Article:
When cable channel AMC introduced the original series “The Walking Dead” a couple of years ago, no one could have possibly predicted how popular it would be.
Sure, zombies were hot at the time, but the show, based on a popular graphic novel, will wrap up its third season this weekend and draws in millions of viewers each Sunday night.
To capitalize on the show’s rabid fan base, the producers have introduced everything from video games to smartphone apps that let you turn a photo of yourself into a zombie. So it was inevitable that a soundtrack would come out at some point.
“The Walking Dead Original Soundtrack Vol. 1” features eight songs used in or inspired by the series.
Strike one for the album is not including Bear McCreary’s haunting title theme music. Instead, we get a remix of that by UNKLE. The omission of the original theme is unforgivable, and one wonders if they are saving it for a future volume.
Otherwise, there are some quality tunes on here.
Jamie N Commons’ haunting blues guitar on “Lead Me Home” kicks things off, while Voxhaul Broadcast plods through “You Are the Wilderness.” Baby Bee rips it up on “Love Bug,” sounding like something Jack White might have produced. Of Monsters and Men’s “Sinking Man” is pretty, as is Emily Kinney’s “The Parting Glass,” a tune sung by two of the actresses in one episode.
While the soundtrack makes for a nice souvenir for mega-fans of the show, the short length and the lack of enough good material hurts this collection.
Key Tracks: “Lead Me Home,” “Love Bug,” “The Parting Glass”
It seems as if most modern country songs have become ridiculously cliche. They either take one semi-clever phrase and spend the rest of the song saying “See what I did there?” or else they simply follow a set of blueprints laid down since the dawn of country.
The result is almost maddening for someone looking for a little variety or originality in their music.
I know what you’re saying; why are you listening to country if you want that?
Thankfully, there are a handful of artists that still take the challenge of writing a country song to be something original. Take Kacey Musgraves, whose debut album “Same Trailer Different Park” breaks all kinds of rules.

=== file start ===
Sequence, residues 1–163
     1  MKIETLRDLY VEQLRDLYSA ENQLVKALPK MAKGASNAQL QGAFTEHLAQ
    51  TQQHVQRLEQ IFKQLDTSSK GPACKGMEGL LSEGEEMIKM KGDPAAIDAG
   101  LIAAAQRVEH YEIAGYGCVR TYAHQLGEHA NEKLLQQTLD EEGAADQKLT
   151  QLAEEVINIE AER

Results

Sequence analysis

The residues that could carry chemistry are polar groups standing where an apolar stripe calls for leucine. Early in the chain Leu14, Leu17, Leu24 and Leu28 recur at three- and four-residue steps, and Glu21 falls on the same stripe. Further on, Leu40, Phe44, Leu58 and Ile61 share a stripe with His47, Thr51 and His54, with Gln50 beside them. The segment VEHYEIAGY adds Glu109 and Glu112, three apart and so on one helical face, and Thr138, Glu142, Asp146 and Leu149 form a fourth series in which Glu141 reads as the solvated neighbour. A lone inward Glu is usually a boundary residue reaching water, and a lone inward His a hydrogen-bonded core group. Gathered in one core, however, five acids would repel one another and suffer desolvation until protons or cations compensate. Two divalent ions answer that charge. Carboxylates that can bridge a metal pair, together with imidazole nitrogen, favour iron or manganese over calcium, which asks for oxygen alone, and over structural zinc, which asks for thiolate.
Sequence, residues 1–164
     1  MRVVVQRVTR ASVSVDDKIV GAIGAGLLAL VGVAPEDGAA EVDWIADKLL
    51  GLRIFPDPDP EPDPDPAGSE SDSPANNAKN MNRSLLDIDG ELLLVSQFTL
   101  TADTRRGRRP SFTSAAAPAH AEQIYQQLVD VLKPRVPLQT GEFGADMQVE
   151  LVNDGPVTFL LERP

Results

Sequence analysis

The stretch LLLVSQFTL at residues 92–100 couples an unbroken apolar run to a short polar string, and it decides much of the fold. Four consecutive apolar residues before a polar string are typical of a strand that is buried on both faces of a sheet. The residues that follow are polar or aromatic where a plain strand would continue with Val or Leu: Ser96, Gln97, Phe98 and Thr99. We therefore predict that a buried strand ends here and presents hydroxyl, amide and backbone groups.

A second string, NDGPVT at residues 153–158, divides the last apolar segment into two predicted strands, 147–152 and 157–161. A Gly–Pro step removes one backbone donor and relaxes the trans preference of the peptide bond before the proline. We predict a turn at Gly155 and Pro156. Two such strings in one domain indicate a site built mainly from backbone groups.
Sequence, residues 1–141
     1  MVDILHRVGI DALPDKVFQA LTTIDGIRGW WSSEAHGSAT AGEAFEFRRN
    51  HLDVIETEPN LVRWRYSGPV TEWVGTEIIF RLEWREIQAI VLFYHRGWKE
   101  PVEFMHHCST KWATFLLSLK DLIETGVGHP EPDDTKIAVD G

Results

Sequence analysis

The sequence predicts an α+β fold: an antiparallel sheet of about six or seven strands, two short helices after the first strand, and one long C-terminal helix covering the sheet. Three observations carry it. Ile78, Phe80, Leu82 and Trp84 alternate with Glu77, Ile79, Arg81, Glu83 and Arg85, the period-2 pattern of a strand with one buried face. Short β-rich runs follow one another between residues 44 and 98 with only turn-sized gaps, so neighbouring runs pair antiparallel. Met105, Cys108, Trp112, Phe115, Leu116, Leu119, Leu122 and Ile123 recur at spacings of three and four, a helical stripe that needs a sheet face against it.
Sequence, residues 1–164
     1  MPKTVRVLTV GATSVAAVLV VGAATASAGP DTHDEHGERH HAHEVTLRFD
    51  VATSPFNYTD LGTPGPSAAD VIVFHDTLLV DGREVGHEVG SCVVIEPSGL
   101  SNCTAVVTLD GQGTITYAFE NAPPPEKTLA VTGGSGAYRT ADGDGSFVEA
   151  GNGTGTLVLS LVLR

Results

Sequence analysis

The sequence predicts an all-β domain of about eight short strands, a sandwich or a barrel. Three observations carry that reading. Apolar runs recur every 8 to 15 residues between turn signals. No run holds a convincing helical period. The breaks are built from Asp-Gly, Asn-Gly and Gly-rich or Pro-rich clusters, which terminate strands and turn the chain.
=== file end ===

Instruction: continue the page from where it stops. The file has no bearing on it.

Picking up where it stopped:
With a voice that lies somewhere between Natalie Maines and Alison Krauss, Musgraves could probably have done just fine writing an album of songs that followed that aforementioned blueprint.
Instead, she colored way outside the lines, resulting in a modern country album that is anything but normal.
Among the better tracks are a realistic song about finding positivity (“Silver Linings”), an even more realistic song about small-town life (the ultra-catchy “Merry Go Round”), and a song about following your own path (“Follow Your Arrow”) that mentions a same-sex kiss.
This isn’t your mother’s country music.
Even without some potentially controversial lyrics, Musgraves has crafted a smart, funny and, at times, touching collection of songs that deal with real world issues.
This isn’t just one of my favorite country albums so far this year, it’s one of my favorite albums in any genre.
Key Tracks: “Merry Go Round,” “Step Off” “Follow Your Arrow”
When Levon Helm, the drummer and vocalist for the legendary rock outfit The Band, passed away last April, it left a huge hole in the hearts of many, musicians and fans alike.
At the Grammy Awards last month, Helm received an all-star tribute as musicians including Mumford & Sons, Elton John and Mavis Staples performed “The Weight” at the ceremony.
Another tribute to Helm was held in October in New Jersey.
“Love for Levon,” a 2-DVD set, encapsulates that monumental show, which featured performances from a dizzying array of stars.
Sure, tribute and relief concerts are a dime a dozen these days, but this show was organized by producer Don Was as a way to say goodbye to his friend in style, and the artists that showed up to play shows how far-reaching Helm’s music was.
It’s hard to say whether or not Warren Haynes performing “The Shape I’m In” is better than Mavis Staples’ incredible take on “Move Along Train.” Is Grace Potter’s earth-shattering rendition of “I Shall Be Released” better than Joe Walsh and Robert Randolph tearing up “Up on Cripple Creek?”
Honestly, all of the musicians involved are great, and are all backed by the surviving members of Helm’s band.
John Mayer, Eric Church, Ray LaMontagne, Lucinda Williams, John Prine, My Morning Jacket and Roger Waters are just a partial list of the amazing lineup.
Even if you aren’t a fan of Helm or The Band, you’ll likely find something amazing here.
Key Performance: Roger Waters and My Morning Jacket performing “The Night They Drove Old Dixie Down”
By Devin Grant